So, you want to make your first film. First of all, what is wrong with you? Don’t you know that once you start, it will become an all-consuming obsession that will dictate where you go, who your friends are and how much sleep you get? You do? Okay, good; welcome aboard!
Let’s assume you’ve got the story tight, the characters are totally fleshed out and plot is something that you’d really like to witness onscreen. Now, every single thing from this point to the first day you begin shooting is planning. Casting, rehearsals, locations, wardrobe, crew and how people are going to be fed is now on your plate. Every detail that you have locked in, every problem and potential problem that you have solved and every aspect of the production that you can shape now will save you from having a shoot or even a post production experience where these problems rear their unsightly heads.
Now, to if you are directing this aforementioned film, I cannot emphasize enough how important it is to find a producer that can deal with a lot of these issues for you so that you can focus on performances, working with the DP on the look of the film and making sure everyone on set is on the same page when you guys begin to roll. Even if it is a tiny production, having someone who can take on some of these variables so you don’t have to will improve the final film when it’s all said and done.
Even with all the character development, planning and pre-production, they rarely turn out exactly like you had envisioned and that isn’t always a bad thing. Some films are a struggle to write, the production is a nightmare and the post production ends up being an arduous process where you’re trying to put the pieces back together in the order that you had planned for them to go.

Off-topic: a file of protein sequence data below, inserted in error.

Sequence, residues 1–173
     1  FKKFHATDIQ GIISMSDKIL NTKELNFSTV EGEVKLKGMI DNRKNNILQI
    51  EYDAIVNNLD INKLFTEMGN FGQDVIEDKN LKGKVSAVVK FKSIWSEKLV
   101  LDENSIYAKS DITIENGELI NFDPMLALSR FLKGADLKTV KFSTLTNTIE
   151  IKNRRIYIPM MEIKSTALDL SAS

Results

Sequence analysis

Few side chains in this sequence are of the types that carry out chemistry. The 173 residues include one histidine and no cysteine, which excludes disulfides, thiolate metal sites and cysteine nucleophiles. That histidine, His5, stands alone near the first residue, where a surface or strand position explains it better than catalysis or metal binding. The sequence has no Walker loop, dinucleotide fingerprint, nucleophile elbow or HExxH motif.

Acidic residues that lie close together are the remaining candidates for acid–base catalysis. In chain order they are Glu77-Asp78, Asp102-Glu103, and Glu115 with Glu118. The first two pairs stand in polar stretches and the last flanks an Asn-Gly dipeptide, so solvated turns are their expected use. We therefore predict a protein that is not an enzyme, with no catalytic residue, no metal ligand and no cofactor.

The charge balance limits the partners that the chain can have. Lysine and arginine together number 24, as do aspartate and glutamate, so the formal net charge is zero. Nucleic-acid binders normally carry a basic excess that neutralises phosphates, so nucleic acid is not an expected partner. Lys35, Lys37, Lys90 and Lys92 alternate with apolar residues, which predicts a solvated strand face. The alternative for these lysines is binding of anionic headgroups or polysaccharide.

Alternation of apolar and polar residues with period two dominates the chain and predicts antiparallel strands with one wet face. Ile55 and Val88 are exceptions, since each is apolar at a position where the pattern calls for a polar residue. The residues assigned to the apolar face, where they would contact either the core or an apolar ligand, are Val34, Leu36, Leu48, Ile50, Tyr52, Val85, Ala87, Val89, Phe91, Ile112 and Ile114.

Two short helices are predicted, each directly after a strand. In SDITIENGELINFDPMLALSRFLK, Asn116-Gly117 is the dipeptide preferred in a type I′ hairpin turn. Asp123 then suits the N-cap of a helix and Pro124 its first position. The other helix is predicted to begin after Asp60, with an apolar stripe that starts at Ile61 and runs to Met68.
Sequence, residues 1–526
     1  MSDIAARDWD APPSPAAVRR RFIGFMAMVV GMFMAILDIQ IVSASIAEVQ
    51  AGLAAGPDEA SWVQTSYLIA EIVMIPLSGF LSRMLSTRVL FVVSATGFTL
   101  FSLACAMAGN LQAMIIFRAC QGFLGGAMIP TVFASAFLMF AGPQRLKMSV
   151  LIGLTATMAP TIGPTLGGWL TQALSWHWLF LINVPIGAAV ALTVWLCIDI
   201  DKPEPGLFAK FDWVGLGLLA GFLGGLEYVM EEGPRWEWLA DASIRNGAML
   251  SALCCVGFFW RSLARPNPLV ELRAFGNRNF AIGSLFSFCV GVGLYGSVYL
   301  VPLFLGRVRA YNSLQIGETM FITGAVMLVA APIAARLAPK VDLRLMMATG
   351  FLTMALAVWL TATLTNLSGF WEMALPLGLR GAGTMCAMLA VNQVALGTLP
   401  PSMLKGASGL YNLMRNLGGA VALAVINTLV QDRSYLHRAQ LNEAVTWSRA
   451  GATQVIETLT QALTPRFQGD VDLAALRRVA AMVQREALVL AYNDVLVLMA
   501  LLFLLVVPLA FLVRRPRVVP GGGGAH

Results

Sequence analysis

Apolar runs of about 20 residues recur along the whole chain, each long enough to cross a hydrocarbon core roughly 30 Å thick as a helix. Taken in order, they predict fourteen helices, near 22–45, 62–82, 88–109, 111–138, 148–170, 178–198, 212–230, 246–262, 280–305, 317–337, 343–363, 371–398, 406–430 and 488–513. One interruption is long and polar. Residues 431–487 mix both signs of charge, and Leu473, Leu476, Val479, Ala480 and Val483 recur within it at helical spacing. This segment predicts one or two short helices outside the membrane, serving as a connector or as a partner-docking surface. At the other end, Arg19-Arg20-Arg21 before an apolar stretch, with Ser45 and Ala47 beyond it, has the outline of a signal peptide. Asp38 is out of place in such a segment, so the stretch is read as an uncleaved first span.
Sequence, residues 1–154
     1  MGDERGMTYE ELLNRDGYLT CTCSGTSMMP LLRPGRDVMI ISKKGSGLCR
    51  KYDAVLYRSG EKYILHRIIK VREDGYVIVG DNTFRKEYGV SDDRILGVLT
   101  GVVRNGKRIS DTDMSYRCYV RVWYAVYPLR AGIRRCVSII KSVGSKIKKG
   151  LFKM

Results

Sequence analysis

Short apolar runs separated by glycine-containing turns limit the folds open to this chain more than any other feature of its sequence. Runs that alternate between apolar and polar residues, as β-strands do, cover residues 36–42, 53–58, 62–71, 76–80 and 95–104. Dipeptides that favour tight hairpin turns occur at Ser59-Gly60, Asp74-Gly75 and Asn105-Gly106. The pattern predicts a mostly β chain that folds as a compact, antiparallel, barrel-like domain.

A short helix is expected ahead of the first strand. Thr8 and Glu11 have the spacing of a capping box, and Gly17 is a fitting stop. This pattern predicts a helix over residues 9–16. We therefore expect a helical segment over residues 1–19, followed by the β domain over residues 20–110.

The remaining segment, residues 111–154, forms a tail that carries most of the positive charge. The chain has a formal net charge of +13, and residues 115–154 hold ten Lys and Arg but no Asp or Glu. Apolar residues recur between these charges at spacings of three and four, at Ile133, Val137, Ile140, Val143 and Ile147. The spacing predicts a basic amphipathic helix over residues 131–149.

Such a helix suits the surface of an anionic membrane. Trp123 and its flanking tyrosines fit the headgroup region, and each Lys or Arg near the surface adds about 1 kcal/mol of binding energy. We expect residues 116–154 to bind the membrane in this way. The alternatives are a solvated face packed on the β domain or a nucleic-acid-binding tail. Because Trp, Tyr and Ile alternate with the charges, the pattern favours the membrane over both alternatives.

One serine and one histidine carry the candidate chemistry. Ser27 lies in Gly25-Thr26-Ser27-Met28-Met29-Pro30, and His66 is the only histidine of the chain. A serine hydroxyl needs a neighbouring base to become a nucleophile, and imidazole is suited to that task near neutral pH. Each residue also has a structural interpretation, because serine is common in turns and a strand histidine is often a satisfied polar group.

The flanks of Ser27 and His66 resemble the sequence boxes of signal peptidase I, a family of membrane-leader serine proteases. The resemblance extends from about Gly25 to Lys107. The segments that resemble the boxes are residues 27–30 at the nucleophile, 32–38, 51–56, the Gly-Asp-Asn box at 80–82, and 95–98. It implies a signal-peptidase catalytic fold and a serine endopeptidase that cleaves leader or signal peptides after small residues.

I’ve only had one magical film production experience where everything worked, where the entire process from writing, to casting, to the actual production and then the editing came together, and that was a short film called, Fresh Skweezed (2012). Made with my frequent collaborator, Ryan Earl Parker, the film just never let us down throughout the entire process. I wrote the script for an 11 year old actress I had seen in a film at The Nashville Film Festival and her performance inspired and dictated what our film would become. That isn’t to say that things didn’t work out sometimes, because it happened a lot, but when it did happen, there always seemed to be a better alternative waiting. Like when we couldn’t find the right suburban neighborhood for the film’s neighborhood and we happened upon an evacuated trailer park which became our location and added another element to the film. This was also the only film I’ve ever made where the script we shot was the first and only draft I wrote for the film. That will never happen again! Some films you have to guide along the path and others seem to guide you. This one had a mind of its own.